Next, you will need to install the Uchiwa dashboard in your system. Uchiwa is an open-source dashboard to monitor Sensu through web interface.

You can install the Uchiwa with the following command:

apt-get install uchiwa -y

After installing Uchiwa, create a configuration file for Uchiwa with the following command:

nano /etc/sensu/uchiwa.json

Add the following lines:

{
  "sensu": [
    {
      "name": "Sensu",
      "host": "127.0.0.1",
      "port": 4567,
      "timeout": 10
    }
  ],
  "uchiwa": {
    "host": "0.0.0.0",
    "port": 3000,
    "refresh": 10
  }
}

Save and close the file when you are finished.

Next, you will need to create a client.json file to monitor the Sensu server itself. You can create it with the following command:

nano /etc/sensu/conf.d/client.json

Add the following lines:

{
  "client": {
    "name": "sensu-server",
    "address": "127.0.0.1",
    "environment": "management",
    "subscriptions": [
      "dev",
      "ubuntu"
   ],
    "socket": {
      "bind": "127.0.0.1",
      "port": 3030
    }
  }
}

Save and close the file when you are finished.

Next, start the Sensu server, Api, Uchiwa and Sensu client service with the following command:

systemctl start sensu-server
systemctl start sensu-api
systemctl start uchiwa
systemctl start sensu-client

Once all services are started, you can verify the status of the all service with the following command:

systemctl status sensu-server sensu-api sensu-client uchiwa

You should get the following output:

? sensu-server.service - sensu server
     Loaded: loaded (/lib/systemd/system/sensu-server.service; disabled; vendor preset: enabled)
     Active: active (running) since Sun 2020-08-23 09:04:43 UTC; 4min 18s ago
   Main PID: 10031 (sensu-server)
      Tasks: 24 (limit: 2353)
     Memory: 20.6M
     CGroup: /system.slice/sensu-server.service
             ??10031 /opt/sensu/embedded/bin/ruby /opt/sensu/bin/sensu-server -c /etc/sensu/config.json -d /etc/sensu/conf.d -e /etc/sensu/ext>

Aug 23 09:04:43 ubuntu2004 systemd[1]: Started sensu server.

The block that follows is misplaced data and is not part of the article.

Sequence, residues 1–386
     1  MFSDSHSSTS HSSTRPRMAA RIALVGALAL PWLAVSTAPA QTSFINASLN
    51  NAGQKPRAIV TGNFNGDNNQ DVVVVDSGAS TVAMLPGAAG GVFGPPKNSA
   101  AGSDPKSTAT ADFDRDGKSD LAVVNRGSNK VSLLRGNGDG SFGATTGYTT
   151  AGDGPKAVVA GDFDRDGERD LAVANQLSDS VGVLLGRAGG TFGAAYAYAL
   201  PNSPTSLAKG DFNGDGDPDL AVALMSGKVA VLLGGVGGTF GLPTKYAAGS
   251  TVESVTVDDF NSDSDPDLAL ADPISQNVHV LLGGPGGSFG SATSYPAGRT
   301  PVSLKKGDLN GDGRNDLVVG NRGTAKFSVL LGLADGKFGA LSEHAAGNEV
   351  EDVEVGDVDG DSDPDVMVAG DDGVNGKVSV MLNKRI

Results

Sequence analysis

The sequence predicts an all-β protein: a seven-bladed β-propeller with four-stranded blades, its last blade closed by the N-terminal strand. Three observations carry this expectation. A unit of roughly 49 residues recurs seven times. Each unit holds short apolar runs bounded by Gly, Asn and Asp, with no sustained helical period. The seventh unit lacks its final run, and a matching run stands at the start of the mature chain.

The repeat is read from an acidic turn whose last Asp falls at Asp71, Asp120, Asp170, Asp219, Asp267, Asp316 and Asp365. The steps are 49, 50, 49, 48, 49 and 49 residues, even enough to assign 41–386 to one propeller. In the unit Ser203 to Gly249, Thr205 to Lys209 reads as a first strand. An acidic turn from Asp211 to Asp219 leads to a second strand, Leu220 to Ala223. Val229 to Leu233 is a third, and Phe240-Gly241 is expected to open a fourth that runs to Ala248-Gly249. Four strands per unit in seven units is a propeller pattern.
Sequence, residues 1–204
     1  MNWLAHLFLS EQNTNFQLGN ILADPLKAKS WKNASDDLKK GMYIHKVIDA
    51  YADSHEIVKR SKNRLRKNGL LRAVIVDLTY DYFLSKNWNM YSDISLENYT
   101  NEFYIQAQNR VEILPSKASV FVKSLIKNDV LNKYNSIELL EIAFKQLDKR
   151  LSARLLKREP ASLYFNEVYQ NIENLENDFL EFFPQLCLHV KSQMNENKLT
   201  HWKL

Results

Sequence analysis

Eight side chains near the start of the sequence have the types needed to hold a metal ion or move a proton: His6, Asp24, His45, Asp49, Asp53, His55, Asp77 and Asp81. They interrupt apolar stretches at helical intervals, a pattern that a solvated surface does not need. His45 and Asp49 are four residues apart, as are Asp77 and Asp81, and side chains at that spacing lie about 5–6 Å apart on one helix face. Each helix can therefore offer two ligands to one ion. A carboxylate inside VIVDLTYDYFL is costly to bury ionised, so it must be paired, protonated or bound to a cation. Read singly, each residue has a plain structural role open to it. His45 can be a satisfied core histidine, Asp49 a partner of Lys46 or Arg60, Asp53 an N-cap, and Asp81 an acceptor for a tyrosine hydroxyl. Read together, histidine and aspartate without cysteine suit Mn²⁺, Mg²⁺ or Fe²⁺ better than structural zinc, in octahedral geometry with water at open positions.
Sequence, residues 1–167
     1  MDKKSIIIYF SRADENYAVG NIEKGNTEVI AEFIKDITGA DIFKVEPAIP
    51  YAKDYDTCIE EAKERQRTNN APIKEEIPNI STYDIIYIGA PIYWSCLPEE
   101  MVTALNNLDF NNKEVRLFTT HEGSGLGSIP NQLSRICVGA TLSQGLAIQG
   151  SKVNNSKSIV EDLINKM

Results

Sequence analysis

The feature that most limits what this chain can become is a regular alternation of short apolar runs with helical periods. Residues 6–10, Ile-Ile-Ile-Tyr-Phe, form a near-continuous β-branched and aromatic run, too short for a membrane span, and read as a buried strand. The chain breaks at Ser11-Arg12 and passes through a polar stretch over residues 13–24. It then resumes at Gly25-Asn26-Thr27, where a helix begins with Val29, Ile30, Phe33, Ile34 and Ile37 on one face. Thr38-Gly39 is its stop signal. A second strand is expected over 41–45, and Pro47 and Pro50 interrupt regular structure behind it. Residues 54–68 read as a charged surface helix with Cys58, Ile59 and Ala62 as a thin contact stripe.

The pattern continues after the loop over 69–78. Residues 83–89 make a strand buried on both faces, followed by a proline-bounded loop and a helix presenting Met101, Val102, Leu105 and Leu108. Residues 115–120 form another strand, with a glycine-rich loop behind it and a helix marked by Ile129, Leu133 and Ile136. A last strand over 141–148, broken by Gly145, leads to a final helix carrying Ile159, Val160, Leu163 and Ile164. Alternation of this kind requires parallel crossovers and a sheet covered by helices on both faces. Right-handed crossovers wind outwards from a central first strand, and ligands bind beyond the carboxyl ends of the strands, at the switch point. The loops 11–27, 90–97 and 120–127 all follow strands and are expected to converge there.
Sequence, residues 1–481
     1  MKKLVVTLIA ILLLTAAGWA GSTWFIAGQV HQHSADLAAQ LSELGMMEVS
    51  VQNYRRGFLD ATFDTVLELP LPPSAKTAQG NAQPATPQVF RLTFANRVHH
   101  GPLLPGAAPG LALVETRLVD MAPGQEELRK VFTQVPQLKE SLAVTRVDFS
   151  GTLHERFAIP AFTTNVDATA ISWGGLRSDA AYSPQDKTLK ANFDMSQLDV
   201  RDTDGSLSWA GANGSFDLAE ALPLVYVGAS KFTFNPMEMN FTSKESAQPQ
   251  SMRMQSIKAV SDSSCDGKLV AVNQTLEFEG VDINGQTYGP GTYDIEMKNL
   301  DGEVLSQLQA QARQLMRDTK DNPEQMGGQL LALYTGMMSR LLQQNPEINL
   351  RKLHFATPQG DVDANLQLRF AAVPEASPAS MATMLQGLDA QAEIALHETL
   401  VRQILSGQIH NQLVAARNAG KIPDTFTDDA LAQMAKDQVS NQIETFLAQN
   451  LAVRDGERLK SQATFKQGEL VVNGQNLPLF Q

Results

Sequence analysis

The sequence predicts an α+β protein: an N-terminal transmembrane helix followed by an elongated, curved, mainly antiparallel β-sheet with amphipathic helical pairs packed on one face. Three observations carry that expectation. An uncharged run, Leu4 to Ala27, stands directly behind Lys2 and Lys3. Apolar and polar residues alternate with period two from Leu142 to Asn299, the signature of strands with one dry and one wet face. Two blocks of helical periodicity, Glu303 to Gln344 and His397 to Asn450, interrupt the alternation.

? sensu-api.service - sensu api
     Loaded: loaded (/lib/systemd/system/sensu-api.service; enabled; vendor preset: enabled)
     Active: active (running) since Sun 2020-08-23 09:04:42 UTC; 4min 19s ago
   Main PID: 10023 (sensu-api)
      Tasks: 2 (limit: 2353)
     Memory: 18.9M
     CGroup: /system.slice/sensu-api.service
             ??10023 /opt/sensu/embedded/bin/ruby /opt/sensu/bin/sensu-api -c /etc/sensu/config.json -d /etc/sensu/conf.d -e /etc/sensu/extens>

Aug 23 09:04:42 ubuntu2004 systemd[1]: Started sensu api.

? sensu-client.service - sensu client
     Loaded: loaded (/lib/systemd/system/sensu-client.service; disabled; vendor preset: enabled)
     Active: active (running) since Sun 2020-08-23 09:04:42 UTC; 4min 18s ago
   Main PID: 10027 (sensu-client)
      Tasks: 2 (limit: 2353)
     Memory: 17.0M
     CGroup: /system.slice/sensu-client.service
             ??10027 /opt/sensu/embedded/bin/ruby /opt/sensu/bin/sensu-client -c /etc/sensu/config.json -d /etc/sensu/conf.d -e /etc/sensu/ext>

Aug 23 09:04:42 ubuntu2004 systemd[1]: sensu-client.service: Succeeded.
Aug 23 09:04:42 ubuntu2004 systemd[1]: Stopped sensu client.
Aug 23 09:04:42 ubuntu2004 systemd[1]: Started sensu client.

? uchiwa.service - LSB: Uchiwa, a Sensu dashboard.
     Loaded: loaded (/etc/init.d/uchiwa; generated)
     Active: active (exited) since Sun 2020-08-23 09:04:41 UTC; 4min 19s ago

Once you are finished, you can proceed to the next step.

Access Sensu Dashboard

Now, open your web browser and type the URL http://your-server-ip:3000. You should see the Sensu dashboard in the following screen:

Sensu Monitoring Tool

Now, click on the client icon in the left pane. You should see the status of the Sensu client in the following screen:

Sensu dashboard

Conclusion

Congratulations! you have successfully installed and configured Sensu and Uchiwa on Ubuntu 20.04 server. You can now add more clients and start monitoring from the Uchiwa dashboard. Feel free to ask me if you have any questions.

Share this page:

Suggested articles

1 Comment(s)

Add comment

Comments

By: Bonzo at: 2020-09-08 20:20:28

I had a problem installing rabbitmq on Ubuntu Bionic (exit code 70)If anyone else is having problems with that, use the PackageCloud install instructions. This worked wor me. I didn't try the other solutions though, they may work too.https://www.rabbitmq.com/install-debian.html#apt